CARS queuing for Covid tests are clogging Mount Hawthorn.
The long lines have left residents unhappy with the noise, blocked driveways, and pollution from cars idling near their homes.
The testing clinic is on Oxford Street, but to avoid causing chaos at the street’s busy intersections drivers have been directed to queue on the other side of the block, on residential Fairfield Street.
Resident Sophie Fernandez delivered a petition to Vincent council this week, saying locals’ wellbeing was suffering and they were “against the continued use of our street for Western Pathology Diagnostic’s drive-through Covid testing clinic.
“We feel we have been consistently ignored, and there has been a failure to manage the site in an appropriate, timely, and sustainable manner by Western Diagnostic Pathology, City of Vincent, and the state government.”
Ms Fernandez said signs and traffic management weren’t solving the issue.
But it’s been tricky to pin down who can help them.
Ms Fernandez says the state public health emergency operation centre hand-balled responsibility for approving and monitoring private clinics to local governments, but when Vincent checked it was told it had no power at all.
“This is something that has been granted planning approval by the state government exemption for Covid-related health, under state emergency management orders,” mayor Emma Cole said.
Those orders are valid until May 2023.
“This high caseload has really started to have an impact on residents, where residents are experiencing queuing traffic with engine noise, talking on mobile phones, shouting, car horns, driveways being blocked, residents unable to leave their homes, and concerns over air pollution due to car fumes,” Ms Cole said.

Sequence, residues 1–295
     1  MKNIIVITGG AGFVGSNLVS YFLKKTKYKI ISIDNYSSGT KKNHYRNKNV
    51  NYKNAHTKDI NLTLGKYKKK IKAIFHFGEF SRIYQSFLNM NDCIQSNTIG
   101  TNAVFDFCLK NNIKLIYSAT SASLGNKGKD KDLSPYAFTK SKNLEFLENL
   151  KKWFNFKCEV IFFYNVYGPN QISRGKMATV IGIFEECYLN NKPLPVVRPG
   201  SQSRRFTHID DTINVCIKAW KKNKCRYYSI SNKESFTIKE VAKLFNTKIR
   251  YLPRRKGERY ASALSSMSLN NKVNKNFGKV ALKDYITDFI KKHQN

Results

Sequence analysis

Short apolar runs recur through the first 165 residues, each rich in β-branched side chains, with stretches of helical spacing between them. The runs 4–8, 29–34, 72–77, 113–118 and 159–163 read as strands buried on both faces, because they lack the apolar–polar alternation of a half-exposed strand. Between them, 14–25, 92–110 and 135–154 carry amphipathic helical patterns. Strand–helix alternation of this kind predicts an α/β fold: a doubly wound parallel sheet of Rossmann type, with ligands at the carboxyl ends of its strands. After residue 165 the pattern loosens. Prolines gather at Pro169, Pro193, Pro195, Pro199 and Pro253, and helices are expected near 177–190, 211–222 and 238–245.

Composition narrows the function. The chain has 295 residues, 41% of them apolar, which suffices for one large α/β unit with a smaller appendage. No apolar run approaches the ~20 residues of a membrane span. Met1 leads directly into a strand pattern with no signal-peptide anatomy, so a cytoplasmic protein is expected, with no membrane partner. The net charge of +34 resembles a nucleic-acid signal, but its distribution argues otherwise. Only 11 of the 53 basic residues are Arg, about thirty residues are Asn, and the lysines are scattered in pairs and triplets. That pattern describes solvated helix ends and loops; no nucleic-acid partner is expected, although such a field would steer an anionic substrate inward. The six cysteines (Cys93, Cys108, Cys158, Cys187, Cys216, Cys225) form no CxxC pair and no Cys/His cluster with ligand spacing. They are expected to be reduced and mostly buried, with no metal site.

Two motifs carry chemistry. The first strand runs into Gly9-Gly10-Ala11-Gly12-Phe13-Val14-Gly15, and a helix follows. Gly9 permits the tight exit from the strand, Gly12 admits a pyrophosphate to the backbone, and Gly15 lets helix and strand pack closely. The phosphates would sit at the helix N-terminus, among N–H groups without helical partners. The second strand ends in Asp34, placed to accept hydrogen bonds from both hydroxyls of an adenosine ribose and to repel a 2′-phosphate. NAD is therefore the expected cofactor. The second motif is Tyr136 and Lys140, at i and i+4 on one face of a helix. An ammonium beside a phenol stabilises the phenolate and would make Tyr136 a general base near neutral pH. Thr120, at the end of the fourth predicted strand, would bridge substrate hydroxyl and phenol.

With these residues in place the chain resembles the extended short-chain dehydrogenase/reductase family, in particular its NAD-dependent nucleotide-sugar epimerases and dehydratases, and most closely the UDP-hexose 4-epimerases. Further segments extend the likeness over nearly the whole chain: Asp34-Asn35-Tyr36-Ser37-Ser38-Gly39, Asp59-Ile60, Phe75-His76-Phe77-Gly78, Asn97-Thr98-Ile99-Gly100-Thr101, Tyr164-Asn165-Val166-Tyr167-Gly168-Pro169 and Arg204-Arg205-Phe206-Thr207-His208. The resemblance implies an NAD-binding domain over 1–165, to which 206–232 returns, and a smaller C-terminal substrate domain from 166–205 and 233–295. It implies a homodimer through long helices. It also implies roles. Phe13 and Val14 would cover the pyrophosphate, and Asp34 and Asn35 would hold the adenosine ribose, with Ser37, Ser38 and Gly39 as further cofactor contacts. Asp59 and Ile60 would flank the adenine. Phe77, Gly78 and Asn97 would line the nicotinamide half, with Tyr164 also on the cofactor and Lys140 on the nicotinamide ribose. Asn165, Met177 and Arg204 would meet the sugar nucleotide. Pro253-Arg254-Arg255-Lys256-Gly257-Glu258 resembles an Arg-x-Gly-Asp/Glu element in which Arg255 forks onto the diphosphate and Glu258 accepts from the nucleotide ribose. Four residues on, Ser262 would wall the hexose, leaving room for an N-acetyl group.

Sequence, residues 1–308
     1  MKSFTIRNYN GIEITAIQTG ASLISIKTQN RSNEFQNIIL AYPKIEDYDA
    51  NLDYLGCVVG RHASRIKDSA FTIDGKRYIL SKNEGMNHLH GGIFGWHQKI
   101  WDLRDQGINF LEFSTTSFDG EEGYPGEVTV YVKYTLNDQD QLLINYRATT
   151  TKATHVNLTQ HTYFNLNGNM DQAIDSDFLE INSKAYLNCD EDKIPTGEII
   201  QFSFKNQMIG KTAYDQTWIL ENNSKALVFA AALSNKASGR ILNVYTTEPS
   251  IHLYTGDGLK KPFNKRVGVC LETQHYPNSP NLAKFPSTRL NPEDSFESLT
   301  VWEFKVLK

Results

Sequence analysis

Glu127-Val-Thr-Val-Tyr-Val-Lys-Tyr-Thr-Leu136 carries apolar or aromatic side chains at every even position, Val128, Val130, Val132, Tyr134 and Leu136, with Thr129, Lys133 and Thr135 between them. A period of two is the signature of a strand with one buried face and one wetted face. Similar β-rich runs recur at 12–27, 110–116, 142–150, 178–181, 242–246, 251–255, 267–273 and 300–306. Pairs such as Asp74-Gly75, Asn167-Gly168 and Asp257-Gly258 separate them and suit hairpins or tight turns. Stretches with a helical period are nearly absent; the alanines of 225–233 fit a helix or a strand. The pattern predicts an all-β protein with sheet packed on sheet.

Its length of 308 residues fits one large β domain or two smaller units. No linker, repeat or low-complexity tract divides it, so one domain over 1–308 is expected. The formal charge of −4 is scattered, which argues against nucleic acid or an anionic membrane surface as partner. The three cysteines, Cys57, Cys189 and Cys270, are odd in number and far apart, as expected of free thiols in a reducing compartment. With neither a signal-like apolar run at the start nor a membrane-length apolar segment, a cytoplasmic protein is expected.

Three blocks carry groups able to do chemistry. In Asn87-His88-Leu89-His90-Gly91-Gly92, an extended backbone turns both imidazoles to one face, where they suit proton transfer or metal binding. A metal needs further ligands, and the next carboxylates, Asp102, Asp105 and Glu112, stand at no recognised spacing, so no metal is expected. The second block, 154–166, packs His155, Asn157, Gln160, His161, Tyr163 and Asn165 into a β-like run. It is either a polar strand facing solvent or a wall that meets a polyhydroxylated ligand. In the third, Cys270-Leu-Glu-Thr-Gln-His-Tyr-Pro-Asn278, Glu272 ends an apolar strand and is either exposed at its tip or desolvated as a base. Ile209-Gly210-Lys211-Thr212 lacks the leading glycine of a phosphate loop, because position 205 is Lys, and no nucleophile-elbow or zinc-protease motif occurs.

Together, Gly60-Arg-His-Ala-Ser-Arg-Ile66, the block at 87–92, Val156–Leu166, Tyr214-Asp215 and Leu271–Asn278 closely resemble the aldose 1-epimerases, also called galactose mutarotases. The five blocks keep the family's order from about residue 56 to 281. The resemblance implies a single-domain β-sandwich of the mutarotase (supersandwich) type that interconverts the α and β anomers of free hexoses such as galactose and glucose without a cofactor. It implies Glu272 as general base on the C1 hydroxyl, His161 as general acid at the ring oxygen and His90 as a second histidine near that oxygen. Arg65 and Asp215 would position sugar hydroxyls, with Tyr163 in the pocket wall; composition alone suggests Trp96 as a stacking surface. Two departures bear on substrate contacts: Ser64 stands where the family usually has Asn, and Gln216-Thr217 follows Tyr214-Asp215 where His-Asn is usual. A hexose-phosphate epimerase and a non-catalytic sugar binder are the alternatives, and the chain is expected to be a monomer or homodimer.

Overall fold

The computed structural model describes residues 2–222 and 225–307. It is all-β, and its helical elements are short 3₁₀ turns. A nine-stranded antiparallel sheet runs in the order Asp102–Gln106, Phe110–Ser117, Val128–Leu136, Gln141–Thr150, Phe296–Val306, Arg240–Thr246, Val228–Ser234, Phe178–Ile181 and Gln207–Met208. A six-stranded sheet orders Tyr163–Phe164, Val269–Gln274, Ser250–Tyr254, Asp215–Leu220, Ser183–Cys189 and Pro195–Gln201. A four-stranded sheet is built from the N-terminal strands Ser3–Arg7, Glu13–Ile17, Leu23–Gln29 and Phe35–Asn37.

Vincent CEO David MacLennan has written to WA’s chief health officer Andy Robertson asking for the health department take the Covid clinics’ impact on residents into consideration.
Council rangers also met with the clinic’s traffic managers and Ms Cole said there’d been some improvements.
“We have also asked to meet with Western Diagnostic to see if we can work with them to change the operating hours, and also work with them to help identify an alternative location.
“I sincerely appreciate the impact this is having on residents … I understand this is really reaching the point of frustration. We are working with you and we’re doing what we can within the power of our control.”
They’re hoping to have a response by the chief health officer and a report on what else they can do by next month’s meeting.
No idle health concern
COVID’S bad for your lungs, but long lines of idling cars waiting for a test will inevitably cause damage too.
While long lines have become a common sight in Perth streets during the Covid-era, overseas many cities are banning idling engines around sensitive spots like school pickup zones.
Following a coroner’s inquest in 2020, nine-year-old Londoner Ella Adoo-Kissi-Debrah became the first person in the UK to have “air pollution” listed as the cause on her death certificate. She had asthma and died in 2013, and the coroner’s report says “the principal source of her exposure was traffic emissions”.
An estimated 4000 Londoners per year die from toxic air pollution stemming from cars, wood burners, and machinery on industrial sites.
Last year a Victorian parliamentary inquiry found “it is highly likely that [discretionary idling] has the potential to cause harm, both in the short and long term” and recommended the government consider laws against it.
Here in WA the state environment department says “it is more efficient to turn off your car and re-start it, than to be idle” when stopping for more than 30 seconds, but there’s been no moves to enforce it beyond that polite advice.
by DAVID BELL